MANAGUA, Nicaragua – The Central American nation has increased its exports of agricultural goods to several countries, including the United States, after the sector struggled in recent years because of natural disasters and political instability.
“Compared to 2010, the statistics to date show an increase of more than 32% in exports to the United States,” said Roberto Brenes, general manager of the Export and Investment Center of Nicaragua (CEI), a public-private organization that supports exporters. “This is significant because compared to other Central American nations, Nicaragua leads in export value increase.”
Total exports to the United States from Nicaragua rose to US$4 billion in 2010, according to CEI.
The East Coast of the United States, specifically from New York to Miami, Fla., is the primary destination of Nicaraguan products, with the most sought-after goods being coffee, melons, watermelons, cereals and potatoes, according to CEI.
California also is among the biggest consumer of jellies and pickled goods produced in Nicaragua, according to CEI.
“The United States has become a key region for export growth in Nicaragua,” Brenes said. “It is now the final destination for the majority of the products exported by the country.”
The United States’ diverse population, which features millions of Latinos, is a major reason why it has emerged as a major consumer of Nicaraguan-made products.
“Agricultural goods have grown around 10% per year in exports to the United States, catering to the needs of people from Latin American Caribbean origin, which are large consumers of root vegetables,” said Álvaro Cantilever, business manager of Nicaraguan export company Agropecuaria de Exportaciones S.A. “Today, these type of exports represents US$12 million [a year] in sales, US$10 million more than six years ago.”
Fisheries and seafood exports are also growing.
“We are currently exporting more than a million kilograms (2.2 million pounds) of fresh and frozen fish to Mexico and the United States,” said Iván Carmanlinghi, export manager at NICALAPIA, a company specializing in fish exports. “This represents a growth of more than 40% in relation to last year and that will allow us to close 2011 with exports totaling US$11 million, which equals 10 million kilograms (22.2 million pounds) of fish and seafood.”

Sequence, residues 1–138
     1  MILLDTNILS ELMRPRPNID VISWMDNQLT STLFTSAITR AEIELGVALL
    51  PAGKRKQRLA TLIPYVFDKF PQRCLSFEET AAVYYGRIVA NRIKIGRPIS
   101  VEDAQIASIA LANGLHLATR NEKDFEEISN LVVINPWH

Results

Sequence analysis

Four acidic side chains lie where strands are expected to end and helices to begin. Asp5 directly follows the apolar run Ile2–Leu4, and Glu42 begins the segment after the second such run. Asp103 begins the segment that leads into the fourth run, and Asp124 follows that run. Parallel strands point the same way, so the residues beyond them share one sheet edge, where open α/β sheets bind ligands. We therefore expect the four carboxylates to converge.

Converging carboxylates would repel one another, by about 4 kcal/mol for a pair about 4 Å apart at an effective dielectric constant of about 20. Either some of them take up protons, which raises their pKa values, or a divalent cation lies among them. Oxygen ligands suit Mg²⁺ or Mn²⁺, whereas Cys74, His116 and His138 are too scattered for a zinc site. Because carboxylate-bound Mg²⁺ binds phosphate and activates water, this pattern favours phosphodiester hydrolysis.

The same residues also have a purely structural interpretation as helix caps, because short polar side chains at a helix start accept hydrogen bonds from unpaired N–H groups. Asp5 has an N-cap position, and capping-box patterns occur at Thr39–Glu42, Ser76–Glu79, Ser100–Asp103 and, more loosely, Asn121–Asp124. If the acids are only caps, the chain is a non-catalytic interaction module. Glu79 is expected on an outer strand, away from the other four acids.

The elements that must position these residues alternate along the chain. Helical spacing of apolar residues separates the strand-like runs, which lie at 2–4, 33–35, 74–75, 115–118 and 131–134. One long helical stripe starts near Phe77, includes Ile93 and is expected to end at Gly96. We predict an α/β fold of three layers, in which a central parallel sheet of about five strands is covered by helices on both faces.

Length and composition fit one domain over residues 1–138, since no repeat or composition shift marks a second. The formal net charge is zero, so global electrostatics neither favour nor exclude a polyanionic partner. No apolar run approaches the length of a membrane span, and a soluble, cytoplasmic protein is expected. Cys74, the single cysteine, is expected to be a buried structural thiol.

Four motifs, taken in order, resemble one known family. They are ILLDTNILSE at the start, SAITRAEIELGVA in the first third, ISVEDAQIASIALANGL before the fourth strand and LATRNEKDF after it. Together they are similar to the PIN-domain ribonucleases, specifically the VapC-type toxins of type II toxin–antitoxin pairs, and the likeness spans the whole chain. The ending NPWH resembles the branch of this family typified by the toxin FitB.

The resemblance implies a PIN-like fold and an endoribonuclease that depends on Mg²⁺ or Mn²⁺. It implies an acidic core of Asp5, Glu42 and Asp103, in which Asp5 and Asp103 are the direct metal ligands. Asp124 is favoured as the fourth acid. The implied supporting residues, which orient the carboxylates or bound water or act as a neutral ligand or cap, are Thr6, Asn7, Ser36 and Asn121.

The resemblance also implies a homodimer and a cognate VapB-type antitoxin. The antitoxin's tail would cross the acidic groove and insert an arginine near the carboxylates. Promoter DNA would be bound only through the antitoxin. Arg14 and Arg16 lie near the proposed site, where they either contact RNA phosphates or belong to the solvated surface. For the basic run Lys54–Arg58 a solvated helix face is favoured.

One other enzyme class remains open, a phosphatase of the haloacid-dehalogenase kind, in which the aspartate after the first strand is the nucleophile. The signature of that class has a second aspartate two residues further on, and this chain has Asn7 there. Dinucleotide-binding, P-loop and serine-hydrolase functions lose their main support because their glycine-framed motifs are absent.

The stellar numbers in exports represent a major change compared to the 1990s, when Nicaragua reported US$250,000 in exports annually, Brenes said.
The new wave of exports could spark a financial turnaround for this impoverished nation of 5.7 million residents.
After the country’s gross domestic product (GDP) contracted 9.9% in 2009, the GDP grew 3% in 2010, according to statistics by the United Nations Economic Commission for Latin America and the Caribbean (ECLAC).
“We are becoming an exporter nation and there is no turning back,” Brenes said. “We are a country with a 22% annual growth rate in exports, and we keep that pace because we export competitive items.”
Nicaraguan producers are also selling their products in other markets. Nicaraguan companies totaled US$200 million in exports to Europe in 2010, according to CEI. The most sought-after products were organic coffee and cocoa, honey, cigars, sesame seeds and fruits and vegetables.
“Our aim is that during this year we reach the US$2 billion in exports threshold,” said Guillermo Jacoby, vice president of the Association of Producers and Exporters of Nicaragua (APEN). “We need to enter new markets and further negotiate in promising markets such as Mexico.”
Mexico and Nicaragua have had a Free Trade Agreement since 1998. The agreement has favored Mexico, with exports totaling US$118 million to Nicaragua in 2010, while Mexican businesses purchased US$25 million in Nicaraguan goods last year.
“Opportunities abound in Mexico for us,” Jacoby said. “But we definitely need to close that commercial gap. We have the treaties, we have the mechanisms and we have to close those gaps as soon as possible.”
Another market Nicaraguan producers are eyeing is Belize, Central America’s only English-speaking nation.
“We are not taking advantage of the fact that the Belizean market is in Central America,” Brenes said. “When we go there, we see jellies imported from England, milk from Germany. We could perfectly supply their market with our products.”